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A study was conducted to determine if there is a significant variation in moisture content and specific gravity of sweetgum trees (Liquidambar styraciflua L.) within the state of Louisiana. Sweetgum was chosen because it can be found on a variety of sites and is an important hardwood pulp species. This information was sought because of its value to the business of buying wood by weight rather than by volume measure, and because moisture content and specific gravity are the main factors causing variation in the weight of wood. Samples were taken with an increment borer from three different sites— hilltop, slope and bottomland- at three geographical locations within the state and during each of the four seasons. Moisture content as a percentage of oven-dry weight was determined for each of 900 samples, but specific gravity was determined by the maximum moisture content method only for samples obtained in January 1968.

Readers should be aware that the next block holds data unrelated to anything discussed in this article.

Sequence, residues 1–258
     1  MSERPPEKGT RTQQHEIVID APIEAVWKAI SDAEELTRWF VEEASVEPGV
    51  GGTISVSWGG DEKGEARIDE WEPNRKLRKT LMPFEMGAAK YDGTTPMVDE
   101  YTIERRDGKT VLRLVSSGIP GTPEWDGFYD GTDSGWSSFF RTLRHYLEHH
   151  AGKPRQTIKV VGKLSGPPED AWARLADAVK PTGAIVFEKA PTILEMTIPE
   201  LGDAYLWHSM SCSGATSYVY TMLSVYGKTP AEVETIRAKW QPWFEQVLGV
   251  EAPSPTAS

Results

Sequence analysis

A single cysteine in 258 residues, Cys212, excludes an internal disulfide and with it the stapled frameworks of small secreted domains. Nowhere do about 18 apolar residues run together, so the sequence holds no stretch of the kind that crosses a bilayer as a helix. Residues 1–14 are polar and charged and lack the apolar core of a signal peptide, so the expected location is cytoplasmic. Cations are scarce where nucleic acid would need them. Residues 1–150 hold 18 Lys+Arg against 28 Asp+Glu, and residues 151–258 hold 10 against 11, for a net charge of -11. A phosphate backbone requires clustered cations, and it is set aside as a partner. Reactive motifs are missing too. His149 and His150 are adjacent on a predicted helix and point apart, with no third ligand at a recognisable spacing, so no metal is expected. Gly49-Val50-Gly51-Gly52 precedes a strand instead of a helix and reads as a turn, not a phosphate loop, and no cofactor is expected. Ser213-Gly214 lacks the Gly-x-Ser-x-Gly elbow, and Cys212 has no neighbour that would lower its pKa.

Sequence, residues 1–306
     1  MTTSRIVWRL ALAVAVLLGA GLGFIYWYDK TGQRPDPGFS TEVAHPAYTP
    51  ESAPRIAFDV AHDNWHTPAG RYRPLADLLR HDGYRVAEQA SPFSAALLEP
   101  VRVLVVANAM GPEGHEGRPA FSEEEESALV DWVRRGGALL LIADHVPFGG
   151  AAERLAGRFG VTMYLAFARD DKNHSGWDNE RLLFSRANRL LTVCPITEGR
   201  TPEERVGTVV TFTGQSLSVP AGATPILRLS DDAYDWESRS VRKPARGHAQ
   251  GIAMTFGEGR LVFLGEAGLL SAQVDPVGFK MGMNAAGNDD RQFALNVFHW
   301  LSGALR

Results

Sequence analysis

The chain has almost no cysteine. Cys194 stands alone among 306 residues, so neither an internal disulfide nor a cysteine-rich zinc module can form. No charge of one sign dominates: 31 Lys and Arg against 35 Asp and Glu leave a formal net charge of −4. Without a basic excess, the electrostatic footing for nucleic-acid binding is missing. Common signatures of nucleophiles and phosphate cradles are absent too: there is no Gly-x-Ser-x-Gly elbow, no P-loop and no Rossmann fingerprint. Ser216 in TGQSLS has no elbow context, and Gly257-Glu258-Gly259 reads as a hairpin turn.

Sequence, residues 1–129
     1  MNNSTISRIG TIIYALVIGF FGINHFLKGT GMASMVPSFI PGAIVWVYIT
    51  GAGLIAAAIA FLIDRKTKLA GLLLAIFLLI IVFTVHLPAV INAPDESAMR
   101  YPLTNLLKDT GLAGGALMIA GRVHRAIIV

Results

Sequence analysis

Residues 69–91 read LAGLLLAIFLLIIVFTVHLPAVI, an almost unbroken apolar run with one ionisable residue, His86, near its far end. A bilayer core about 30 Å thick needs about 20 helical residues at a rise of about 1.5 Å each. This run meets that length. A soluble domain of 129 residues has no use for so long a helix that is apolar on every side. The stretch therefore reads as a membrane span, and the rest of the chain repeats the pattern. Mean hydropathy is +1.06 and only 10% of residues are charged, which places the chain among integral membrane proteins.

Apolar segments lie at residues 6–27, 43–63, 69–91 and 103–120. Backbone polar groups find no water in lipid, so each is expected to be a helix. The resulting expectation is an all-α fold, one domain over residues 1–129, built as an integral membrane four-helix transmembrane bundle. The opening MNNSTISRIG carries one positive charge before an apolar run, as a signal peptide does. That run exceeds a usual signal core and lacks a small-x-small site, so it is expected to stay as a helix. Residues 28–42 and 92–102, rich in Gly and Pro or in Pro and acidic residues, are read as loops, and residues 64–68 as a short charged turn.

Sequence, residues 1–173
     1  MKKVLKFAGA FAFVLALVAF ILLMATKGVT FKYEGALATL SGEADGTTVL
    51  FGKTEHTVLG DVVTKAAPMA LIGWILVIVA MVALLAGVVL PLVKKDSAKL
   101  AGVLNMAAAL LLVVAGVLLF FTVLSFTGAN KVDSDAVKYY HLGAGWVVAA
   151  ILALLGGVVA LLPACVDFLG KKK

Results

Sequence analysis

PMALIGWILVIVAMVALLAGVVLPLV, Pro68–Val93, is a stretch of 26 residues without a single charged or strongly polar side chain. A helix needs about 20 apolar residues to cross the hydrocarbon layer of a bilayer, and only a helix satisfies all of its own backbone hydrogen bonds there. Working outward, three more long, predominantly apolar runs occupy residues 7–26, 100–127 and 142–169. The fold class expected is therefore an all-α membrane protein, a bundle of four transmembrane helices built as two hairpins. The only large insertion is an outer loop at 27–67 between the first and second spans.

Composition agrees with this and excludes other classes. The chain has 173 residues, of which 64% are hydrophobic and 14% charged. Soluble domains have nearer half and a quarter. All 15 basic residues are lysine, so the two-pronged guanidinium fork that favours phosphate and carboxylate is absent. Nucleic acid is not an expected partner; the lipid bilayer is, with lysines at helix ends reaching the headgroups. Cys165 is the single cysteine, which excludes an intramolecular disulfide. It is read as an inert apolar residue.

A review of pertinent literature indicates that most species of deciduous trees follow a definite seasonal pattern of moisture variation that is repeated each succeeding year. It was found in this study that the moisture content of standing sweetgum trees varies considerably from season to season.

There was a significant variation in moisture content between locations, but this variation was small and did not follow a definite geographic trend. The moisture content varied appreciably between sites at various times of the year, but when other variables were held constant the difference in moisture content between sites was not significant.

The average specific gravity varied only a little with geographic location, but it was negatively correlated with the moisture content of the trees.

The study indicated that the use of different scaling factors for each season of the year is desirable.